In the absence of neurological expertise, we so often have to turn to psychological approaches, which are geared towards mental illness, not structural brain injury. While they are much more robust and well-developed, pure mental health approaches carry a host of hidden dangers — among them, serotonin-suppressing meds that exacerbate our brain fog and depressive symptoms, and a type of emotional “excavation” (Tell me how you’re feeling, deep down inside – don’t hold back. Let it all out!) which follows transient emotional lability’s magically winding Pied Piper path to explore dead-end paths that have no substance in reality, but feel real enough to us, because of our neurological condition. My God, if I had a dime for all the times my neurological issues were mistaken for childhood trauma issues and I was encouraged to dredge up my deepest, darkest secrets because it was supposed to help me, I’d have no money problems. At all.
We really are in a wasteland of measurements and data, with regard to long-term outcomes for TBI/concussion.There are some post-TBI quality of life studies out there, but they are relatively sparse. And the fact that there’s so much self-reporting is a little troubling — quality of life scores could be based on anything, really, and conditions that have nothing to do with TBI could contribute.
What’s more, quality of life is a subjective rating. And it may not pinpoint the specific areas that need to be addressed. If you’re going to measure stuff, you need to be at least a little detailed and objective. The game of baseball, which is a relatively straightforward game, has a more advanced and complex (and universally agreed-upon) way of keeping track of the action, than TBI recovery. Throughout the sports world, stats collecting and tracking is a veritable art form — and that’s for entertainment, not a life-and-death health issue. We can’t manage to invent the same for TBI recovery? Really? Something is wrong with that picture.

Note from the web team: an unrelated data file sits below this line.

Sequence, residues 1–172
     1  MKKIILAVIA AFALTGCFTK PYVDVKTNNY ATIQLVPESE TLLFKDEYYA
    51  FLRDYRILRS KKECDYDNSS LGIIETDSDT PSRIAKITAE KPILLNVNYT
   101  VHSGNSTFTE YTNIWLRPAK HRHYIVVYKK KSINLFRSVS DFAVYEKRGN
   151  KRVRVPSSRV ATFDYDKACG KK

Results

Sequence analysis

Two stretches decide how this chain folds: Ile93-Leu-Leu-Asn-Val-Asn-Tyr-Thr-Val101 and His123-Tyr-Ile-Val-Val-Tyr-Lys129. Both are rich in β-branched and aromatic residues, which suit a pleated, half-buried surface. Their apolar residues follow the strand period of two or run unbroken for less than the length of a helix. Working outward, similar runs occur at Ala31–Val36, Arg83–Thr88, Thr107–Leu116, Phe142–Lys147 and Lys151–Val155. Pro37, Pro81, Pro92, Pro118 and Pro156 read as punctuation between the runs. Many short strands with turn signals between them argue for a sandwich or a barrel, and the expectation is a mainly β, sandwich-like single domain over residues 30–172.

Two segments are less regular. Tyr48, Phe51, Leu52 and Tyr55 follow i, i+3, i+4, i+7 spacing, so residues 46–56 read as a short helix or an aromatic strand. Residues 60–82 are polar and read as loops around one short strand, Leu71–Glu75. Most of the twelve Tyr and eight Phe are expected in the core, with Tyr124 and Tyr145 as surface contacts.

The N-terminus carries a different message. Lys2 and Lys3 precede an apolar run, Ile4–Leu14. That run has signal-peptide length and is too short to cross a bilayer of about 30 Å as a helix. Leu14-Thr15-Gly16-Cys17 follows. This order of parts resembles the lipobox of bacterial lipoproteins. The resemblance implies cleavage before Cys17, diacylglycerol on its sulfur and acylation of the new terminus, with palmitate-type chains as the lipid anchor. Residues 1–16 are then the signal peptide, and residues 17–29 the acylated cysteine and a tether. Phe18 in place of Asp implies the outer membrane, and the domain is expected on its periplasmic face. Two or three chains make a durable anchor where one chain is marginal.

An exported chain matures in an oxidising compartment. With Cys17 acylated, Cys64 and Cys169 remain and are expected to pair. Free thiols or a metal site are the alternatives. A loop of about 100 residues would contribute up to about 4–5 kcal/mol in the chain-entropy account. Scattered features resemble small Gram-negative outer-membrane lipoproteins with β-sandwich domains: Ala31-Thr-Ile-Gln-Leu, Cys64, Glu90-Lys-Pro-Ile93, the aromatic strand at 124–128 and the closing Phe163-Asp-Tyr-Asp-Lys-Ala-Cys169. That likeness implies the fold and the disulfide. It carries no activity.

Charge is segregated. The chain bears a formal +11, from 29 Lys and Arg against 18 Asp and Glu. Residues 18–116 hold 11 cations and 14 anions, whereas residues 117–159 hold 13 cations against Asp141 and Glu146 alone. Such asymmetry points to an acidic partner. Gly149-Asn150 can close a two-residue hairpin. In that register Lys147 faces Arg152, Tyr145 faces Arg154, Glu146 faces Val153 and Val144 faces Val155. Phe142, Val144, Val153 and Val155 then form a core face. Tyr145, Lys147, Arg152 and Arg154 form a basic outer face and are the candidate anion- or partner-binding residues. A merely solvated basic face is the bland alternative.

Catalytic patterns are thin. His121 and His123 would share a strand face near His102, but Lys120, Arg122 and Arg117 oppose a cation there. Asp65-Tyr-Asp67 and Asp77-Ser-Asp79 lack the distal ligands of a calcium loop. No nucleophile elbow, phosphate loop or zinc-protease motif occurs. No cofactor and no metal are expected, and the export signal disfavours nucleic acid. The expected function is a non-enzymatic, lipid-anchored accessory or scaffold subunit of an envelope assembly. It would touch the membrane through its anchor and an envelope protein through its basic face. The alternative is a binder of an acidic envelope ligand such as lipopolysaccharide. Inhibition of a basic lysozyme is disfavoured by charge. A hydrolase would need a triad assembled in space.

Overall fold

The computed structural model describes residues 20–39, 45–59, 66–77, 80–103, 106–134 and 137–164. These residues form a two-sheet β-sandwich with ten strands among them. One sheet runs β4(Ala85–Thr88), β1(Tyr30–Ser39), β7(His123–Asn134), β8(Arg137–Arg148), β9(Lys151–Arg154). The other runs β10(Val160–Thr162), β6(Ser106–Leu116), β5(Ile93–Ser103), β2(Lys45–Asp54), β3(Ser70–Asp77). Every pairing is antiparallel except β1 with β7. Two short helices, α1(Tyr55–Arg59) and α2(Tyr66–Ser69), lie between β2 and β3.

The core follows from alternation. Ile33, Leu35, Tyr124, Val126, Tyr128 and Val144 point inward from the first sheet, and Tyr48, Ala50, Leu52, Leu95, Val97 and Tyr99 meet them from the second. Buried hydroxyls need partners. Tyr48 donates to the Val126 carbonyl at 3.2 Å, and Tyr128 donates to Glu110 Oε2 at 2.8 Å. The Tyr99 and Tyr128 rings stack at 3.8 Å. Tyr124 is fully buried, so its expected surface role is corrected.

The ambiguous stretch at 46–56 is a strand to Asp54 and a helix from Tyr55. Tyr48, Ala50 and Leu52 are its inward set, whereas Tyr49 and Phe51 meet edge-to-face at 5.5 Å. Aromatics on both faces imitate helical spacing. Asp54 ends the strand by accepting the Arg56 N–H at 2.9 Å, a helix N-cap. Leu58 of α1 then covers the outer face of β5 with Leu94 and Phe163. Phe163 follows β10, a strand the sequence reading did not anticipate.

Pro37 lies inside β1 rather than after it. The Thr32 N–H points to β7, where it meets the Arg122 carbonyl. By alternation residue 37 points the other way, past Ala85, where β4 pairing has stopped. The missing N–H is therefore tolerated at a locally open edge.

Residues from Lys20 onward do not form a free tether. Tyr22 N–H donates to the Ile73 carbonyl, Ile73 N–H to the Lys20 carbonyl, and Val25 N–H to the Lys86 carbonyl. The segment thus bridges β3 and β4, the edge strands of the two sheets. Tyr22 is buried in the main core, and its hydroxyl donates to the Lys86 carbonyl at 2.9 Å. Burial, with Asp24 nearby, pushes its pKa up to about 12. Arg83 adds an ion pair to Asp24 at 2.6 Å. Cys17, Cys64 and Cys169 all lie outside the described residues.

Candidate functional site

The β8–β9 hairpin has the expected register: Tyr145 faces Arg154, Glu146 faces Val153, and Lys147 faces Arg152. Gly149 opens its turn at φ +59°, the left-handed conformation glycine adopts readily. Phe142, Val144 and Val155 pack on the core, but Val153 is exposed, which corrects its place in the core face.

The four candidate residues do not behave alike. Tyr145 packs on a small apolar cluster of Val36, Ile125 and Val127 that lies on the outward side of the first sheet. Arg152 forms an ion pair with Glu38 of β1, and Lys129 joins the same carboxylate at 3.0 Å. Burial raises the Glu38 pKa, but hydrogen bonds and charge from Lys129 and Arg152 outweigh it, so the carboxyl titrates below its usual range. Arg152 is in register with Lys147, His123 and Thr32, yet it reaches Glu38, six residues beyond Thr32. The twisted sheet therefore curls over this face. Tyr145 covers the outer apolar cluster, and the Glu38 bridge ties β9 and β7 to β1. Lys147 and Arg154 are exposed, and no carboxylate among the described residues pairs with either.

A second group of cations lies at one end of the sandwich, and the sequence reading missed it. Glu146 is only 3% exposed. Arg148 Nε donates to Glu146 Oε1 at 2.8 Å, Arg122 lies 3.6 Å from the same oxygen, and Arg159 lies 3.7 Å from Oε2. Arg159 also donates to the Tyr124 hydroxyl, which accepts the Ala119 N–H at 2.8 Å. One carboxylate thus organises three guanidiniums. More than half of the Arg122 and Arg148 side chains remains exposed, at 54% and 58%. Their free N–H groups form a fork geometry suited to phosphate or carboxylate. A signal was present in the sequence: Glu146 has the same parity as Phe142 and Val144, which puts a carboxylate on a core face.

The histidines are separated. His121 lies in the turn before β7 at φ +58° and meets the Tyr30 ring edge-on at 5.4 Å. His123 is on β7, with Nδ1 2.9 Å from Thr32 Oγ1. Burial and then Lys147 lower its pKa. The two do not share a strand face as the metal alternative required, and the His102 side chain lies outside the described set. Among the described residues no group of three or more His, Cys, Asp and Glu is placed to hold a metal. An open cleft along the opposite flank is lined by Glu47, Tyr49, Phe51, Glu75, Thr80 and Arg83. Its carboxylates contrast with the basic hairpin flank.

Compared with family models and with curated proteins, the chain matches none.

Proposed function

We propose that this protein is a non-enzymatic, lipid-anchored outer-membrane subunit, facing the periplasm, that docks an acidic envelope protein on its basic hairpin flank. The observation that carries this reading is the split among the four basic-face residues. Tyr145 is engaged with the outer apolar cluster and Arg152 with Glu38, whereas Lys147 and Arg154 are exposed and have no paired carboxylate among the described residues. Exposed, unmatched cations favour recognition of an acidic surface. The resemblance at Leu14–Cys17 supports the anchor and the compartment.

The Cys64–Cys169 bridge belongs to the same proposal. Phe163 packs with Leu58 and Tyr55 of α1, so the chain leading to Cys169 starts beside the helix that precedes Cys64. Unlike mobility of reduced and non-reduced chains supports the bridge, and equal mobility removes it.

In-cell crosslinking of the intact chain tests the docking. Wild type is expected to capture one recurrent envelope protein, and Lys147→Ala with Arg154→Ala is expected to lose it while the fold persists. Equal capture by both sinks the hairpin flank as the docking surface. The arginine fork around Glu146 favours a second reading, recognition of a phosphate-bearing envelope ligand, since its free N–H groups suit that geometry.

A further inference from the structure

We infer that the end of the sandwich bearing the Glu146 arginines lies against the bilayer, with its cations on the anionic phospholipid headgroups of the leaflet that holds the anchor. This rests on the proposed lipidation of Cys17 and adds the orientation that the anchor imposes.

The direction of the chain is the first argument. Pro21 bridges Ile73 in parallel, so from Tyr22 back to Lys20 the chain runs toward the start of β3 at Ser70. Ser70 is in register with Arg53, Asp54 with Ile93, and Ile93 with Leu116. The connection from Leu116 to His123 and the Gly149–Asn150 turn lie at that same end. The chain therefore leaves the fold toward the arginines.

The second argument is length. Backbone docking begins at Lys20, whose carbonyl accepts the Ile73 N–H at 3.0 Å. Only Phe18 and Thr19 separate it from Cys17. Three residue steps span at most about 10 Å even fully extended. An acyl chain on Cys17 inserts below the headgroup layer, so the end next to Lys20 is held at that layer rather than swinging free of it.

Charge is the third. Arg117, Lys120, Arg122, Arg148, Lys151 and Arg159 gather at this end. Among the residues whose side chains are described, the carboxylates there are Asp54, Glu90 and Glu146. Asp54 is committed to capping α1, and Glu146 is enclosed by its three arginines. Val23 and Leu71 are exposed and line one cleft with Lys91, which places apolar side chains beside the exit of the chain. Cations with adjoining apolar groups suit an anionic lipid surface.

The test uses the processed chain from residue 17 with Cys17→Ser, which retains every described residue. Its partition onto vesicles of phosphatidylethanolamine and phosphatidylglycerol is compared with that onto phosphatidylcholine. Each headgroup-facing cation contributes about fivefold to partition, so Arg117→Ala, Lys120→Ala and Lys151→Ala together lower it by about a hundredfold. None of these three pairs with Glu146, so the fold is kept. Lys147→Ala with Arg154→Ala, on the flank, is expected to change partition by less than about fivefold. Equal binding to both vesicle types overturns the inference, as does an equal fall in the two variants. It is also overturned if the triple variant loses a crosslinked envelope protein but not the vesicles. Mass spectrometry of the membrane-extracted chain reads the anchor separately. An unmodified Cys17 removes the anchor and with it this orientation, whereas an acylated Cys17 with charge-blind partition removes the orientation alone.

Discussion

What’s even more wrong is that so many people who are in a position to actually take action and make a contribution to TBI recovery are failing to step outside their system-imposed box and simply consider — just for a moment — that there might be more going on with the concussion survivor in front of them, than what’s on their chart and what’s in the eval results from a test taken six months prior. Their focus too often stays on the quantifiable data, guiding them in a specific direction, while they ignore the gaping blind spot — a veritable case of advanced macular degeneration in the “sight” of the neurosciences industry.
I’m confident that eventually measurements will be developed for the right kinds of data. As more and more concussed/brain injured folks report about how absolutely shitty their lives have been after their injuries, and how much that’s cost their families, employers, communities, commercial ventures will be started to serve that “market”. Funding will appear for studies to help standardize the methodologies and terminology — as well as develop new billable treatments. A whole ecosystem will spring up to fill this need. It’s only a matter of time. But we’re not there yet.
Not even close.